Pease Air Force Base; Portsmouth, NH - The former Pease Air Force Base is now the Pease International Tradeport with more than 1,050 new jobs since closure. The Tradeport currently has 36 lessees occupying over 855,000 sq. ft. of building space. Major tenants include a State Department Regional Passport and Visa Center, Business Express Airlines, a local technical college campus, and several small service-type operations. Two private companies, Celltech Limited(a British biotech company) and Redhook Beer Brewery are currently constructing multi-million dollar facilities and should begin operations next year. The Corporation for Laser Optics Research, and UITC, an aerospace parts manufacturing firm have recently signed leases to begin operations at the Tradeport. The Pease Development Authority began renovation of two other buildings totaling 95,000 square feet for multiple tenant occupancy beginning in early 1996. Pease is also home to the 1400 acre Great Bay National Wildlife Refuge. The Bay supports the largest concentration of wintering black ducks and bald eagles in New Hampshire.

Myrtle Beach Air Force Base; Myrtle Beach, SC - Timberland Properties Inc.(TPI) will purchase 432 acres of the former Myrtle Beach AFB for a planned $510 million theme park and golf resort. The initial phase consists of the Isle of America theme park with high tech rides and shows that depict different regions and time periods of American life and history. TPI has an option to purchase an additional 600 acres to build a 27-hole golf course, a 20,000-seat ampitheater, two luxury hotels with a total of 3,200 rooms, 2,200 golf villas,and a 90,000 square foot conference center. All but the golf villas are expected to be opened by late 1997. The resort expects to create 2,500 construction jobs and 5,000 permanent jobs.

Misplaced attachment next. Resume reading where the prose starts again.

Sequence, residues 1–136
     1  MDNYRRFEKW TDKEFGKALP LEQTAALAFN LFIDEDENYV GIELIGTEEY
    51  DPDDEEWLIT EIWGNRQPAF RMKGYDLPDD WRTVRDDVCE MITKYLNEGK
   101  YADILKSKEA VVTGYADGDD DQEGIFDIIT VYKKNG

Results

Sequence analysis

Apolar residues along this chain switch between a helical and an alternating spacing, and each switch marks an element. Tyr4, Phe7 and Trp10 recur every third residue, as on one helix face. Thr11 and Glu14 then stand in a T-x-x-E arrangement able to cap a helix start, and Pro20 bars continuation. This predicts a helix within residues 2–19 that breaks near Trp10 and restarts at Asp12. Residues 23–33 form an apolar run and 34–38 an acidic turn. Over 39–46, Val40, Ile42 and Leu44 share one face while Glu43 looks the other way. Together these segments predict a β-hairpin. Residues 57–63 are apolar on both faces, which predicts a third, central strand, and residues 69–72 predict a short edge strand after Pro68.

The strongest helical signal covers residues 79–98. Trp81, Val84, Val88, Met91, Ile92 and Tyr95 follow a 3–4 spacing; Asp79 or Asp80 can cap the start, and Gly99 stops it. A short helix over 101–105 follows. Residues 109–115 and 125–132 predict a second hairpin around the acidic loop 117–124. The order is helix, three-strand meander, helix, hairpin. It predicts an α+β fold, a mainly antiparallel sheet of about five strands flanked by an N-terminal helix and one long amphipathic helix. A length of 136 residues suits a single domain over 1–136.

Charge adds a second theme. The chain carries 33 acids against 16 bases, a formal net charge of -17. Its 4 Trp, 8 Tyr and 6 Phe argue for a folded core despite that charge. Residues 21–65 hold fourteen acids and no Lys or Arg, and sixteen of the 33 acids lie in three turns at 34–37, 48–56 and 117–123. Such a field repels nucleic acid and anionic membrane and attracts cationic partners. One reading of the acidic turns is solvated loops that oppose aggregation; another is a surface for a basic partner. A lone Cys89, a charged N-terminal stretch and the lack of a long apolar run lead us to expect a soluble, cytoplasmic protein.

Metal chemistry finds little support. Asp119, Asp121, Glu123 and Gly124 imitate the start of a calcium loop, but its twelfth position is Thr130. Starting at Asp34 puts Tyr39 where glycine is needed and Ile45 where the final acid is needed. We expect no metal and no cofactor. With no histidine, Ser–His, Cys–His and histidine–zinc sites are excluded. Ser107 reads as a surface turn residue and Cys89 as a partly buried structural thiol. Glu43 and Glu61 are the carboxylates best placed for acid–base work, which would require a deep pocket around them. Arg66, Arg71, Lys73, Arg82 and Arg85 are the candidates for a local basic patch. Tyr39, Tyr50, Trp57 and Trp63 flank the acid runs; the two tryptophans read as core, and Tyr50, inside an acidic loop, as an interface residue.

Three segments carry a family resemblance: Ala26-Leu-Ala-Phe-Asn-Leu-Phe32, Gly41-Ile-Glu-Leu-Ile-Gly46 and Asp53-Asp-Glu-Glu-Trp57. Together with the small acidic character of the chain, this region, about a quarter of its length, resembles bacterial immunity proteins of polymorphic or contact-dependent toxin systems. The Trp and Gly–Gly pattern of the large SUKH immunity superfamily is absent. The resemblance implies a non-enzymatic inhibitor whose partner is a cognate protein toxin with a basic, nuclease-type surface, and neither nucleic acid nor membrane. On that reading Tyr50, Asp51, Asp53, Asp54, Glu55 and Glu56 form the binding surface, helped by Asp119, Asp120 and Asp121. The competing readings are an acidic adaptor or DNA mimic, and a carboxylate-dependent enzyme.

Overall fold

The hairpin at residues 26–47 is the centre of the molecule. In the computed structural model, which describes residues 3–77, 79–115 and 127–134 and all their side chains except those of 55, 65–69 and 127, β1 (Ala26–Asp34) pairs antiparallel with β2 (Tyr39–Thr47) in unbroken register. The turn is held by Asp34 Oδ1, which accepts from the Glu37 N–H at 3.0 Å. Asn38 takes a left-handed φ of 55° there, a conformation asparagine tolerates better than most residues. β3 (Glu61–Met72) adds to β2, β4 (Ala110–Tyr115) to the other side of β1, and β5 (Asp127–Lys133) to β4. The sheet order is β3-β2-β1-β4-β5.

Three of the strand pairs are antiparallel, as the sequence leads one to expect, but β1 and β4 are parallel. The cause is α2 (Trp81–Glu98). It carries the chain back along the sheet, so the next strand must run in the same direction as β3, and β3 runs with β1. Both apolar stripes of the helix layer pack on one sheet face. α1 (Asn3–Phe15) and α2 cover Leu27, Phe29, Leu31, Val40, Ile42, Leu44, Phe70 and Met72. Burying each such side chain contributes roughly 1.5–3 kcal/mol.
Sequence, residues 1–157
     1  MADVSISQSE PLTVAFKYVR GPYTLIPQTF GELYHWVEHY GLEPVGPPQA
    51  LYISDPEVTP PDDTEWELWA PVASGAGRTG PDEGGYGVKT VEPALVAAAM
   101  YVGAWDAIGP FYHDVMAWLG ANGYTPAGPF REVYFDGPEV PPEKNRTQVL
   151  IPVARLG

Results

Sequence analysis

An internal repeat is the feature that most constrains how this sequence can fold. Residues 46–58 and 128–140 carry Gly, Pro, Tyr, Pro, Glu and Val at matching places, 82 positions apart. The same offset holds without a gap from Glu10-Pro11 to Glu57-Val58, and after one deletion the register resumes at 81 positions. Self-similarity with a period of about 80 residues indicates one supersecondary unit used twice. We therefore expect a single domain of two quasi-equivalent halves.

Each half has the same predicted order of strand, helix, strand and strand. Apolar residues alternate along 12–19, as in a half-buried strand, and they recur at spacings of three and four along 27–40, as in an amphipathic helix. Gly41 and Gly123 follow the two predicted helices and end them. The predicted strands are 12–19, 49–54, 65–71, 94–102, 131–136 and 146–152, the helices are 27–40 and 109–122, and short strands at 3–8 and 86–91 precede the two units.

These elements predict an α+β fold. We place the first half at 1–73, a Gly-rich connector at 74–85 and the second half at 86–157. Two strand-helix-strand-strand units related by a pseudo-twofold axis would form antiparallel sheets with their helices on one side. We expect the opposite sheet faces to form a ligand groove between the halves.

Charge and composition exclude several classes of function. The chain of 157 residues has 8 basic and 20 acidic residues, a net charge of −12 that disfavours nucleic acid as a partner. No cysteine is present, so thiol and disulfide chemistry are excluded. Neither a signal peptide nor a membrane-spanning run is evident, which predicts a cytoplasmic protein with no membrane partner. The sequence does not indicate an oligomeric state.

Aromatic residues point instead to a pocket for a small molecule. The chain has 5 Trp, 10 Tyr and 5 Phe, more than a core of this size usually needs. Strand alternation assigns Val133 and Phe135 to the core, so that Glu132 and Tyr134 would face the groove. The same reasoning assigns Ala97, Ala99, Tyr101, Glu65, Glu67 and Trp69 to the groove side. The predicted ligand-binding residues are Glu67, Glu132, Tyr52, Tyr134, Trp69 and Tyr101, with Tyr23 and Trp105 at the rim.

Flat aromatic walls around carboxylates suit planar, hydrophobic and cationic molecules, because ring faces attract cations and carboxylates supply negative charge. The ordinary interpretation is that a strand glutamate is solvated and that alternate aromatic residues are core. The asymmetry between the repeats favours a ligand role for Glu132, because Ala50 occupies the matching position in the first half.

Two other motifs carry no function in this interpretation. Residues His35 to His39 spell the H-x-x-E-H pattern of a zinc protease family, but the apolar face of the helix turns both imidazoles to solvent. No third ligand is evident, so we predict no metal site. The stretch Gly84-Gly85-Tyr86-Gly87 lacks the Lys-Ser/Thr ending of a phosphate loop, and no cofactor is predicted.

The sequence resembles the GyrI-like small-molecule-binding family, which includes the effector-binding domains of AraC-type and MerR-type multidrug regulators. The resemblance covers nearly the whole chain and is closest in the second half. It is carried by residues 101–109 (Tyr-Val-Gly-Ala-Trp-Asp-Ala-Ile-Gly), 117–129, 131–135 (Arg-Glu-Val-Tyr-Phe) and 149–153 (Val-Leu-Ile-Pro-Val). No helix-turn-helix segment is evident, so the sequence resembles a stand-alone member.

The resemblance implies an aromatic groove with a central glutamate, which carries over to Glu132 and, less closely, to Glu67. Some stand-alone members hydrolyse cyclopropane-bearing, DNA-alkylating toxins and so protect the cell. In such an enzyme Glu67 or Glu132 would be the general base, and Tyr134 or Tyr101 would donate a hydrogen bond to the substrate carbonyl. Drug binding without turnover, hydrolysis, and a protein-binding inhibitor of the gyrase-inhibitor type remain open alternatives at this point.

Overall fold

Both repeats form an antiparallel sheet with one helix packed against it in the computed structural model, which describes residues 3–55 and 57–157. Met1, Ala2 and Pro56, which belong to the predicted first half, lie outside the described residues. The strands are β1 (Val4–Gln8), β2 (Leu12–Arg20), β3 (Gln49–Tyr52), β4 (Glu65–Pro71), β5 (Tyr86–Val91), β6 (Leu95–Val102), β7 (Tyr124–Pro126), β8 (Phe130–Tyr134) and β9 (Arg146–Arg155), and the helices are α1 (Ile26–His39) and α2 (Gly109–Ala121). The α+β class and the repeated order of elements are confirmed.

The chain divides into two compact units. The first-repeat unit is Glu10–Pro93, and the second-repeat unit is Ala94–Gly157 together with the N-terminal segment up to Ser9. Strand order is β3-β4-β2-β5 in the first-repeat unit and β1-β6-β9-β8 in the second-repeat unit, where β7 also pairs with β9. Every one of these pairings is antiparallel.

Fort Devens; Ayer, MA - Ft. Devens is a great example of Fast Track Cleanup at work. The base is on the Superfund National Priorities List, due to the extent of contamination. Cleanup would take many years under normal circumstances,and could delay reuse until completed. The BRAC Cleanup Team, working with the local Restoration Advisory Board and the local redevelopment authority,accelerated the schedule for cleanup by almost four years. Fort Devens' success is attributable to use of a common sense Fast Track cleanup approach which enables overlapping of cleanup phases; use of removal actions; and addressing all problems in the same area at the same time, all of which make property available for reuse more quickly.